Great comments by everyone here. I'm really surprised the number of people who think it will come down to Romney vs. Giuliani for the GOP nomination. There was an interesting piece about a week ago (maybe a bit more) that talked about a Thompson vs. Giuliani fight for the nomination. As a Giuliani supporter myself, it will be interesting to see how things play out and what a Giuliani nomination will mean for the direction of the GOP. Here's the article:

http://www.opednews.com/articles/opedne_steven_l_070626_republican_2008_pres.htm

Posted by: Hard-Core Troubadour | July 10, 2007 4:35 PM | Report abuse

Just for you Stewart -- we do have an antiwar candidate who is also a true conservative....as I said above..

Posted by: NH | July 10, 2007 4:19 PM | Report abuse

Any Republican vs Any Democrat = GOOD vs Evil.

There are no good Democrats because they are all socialists, empty suits or political operatives or all three.

Among Republicans there is only one true conservative with the record to prove it -- Congressman Ron Paul.

www.ronpaul2008.com

Posted by: NH | July 10, 2007 4:17 PM | Report abuse

Ron Paul won the first NH straw poll by 65% and will likely win NH.

But you have yet to mention him.
He has more money than McCain.

Posted by: NH | July 10, 2007 4:15 PM | Report abuse

Quick McCain take:
It probably means Rick Davis is taking over. He had run the campaign last time, but had no day-to-day responsibility this time and had been pushed upstairs. Then, John Weaver brought Terry Nelson in to run the campaign. As one strategist puts it, "They ran it into the ground." So this was a fight between Weaver and Davis that Davis won. That at least is a quick interpretation from one plugged-in Republican.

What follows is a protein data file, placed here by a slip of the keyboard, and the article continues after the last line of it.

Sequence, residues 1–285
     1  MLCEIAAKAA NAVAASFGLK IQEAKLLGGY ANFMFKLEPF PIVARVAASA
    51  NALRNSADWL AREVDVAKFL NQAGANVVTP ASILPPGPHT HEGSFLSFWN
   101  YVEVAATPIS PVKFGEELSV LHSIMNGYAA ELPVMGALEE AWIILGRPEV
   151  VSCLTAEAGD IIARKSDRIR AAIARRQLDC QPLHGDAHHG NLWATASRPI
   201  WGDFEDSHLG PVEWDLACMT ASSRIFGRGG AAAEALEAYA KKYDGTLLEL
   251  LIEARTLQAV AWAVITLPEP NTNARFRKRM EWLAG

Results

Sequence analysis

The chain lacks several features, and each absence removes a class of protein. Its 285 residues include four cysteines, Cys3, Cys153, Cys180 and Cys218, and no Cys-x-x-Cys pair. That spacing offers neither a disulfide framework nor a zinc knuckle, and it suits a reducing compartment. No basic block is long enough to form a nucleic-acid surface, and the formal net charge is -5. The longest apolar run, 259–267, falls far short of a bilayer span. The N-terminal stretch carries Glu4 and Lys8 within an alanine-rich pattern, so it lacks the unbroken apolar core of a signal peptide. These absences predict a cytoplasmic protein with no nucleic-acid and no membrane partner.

http://corner.nationalreview.com/post/?q=YmVmZWRiNjE3MDc0MWFkOGRmYTA5ZDBkNWVkYTNhZDU=

Posted by: Rich Lowry | July 10, 2007 4:06 PM | Report abuse

Wow. Obama is currently only 3 Intrade points behind Hillary. Talk about making headway up the conventional wisdom ladder.

It is going to be a major story when the Obama Intrade price crosses the Hillary Intrade price.

Posted by: Golgi | July 10, 2007 3:57 PM | Report abuse

I can't believe this "story" was even a story at all. Shows how out of the loop the Beltway MSM is. McCain has NEVER had a chance at winning the GOP nomination. The only way he could have won it would have been if it were decided by David Letterman. Most Republicans hate McCain. Hate. Whether it was McCain-Feingold, the "Gang of 14" or the recent border NON-control farce, he has been as wrong as he has been arrogant & condescending. McCain has been Democrats' favorite Republican. BFD. They'd still vote for any Dem nominee over McCain in the general.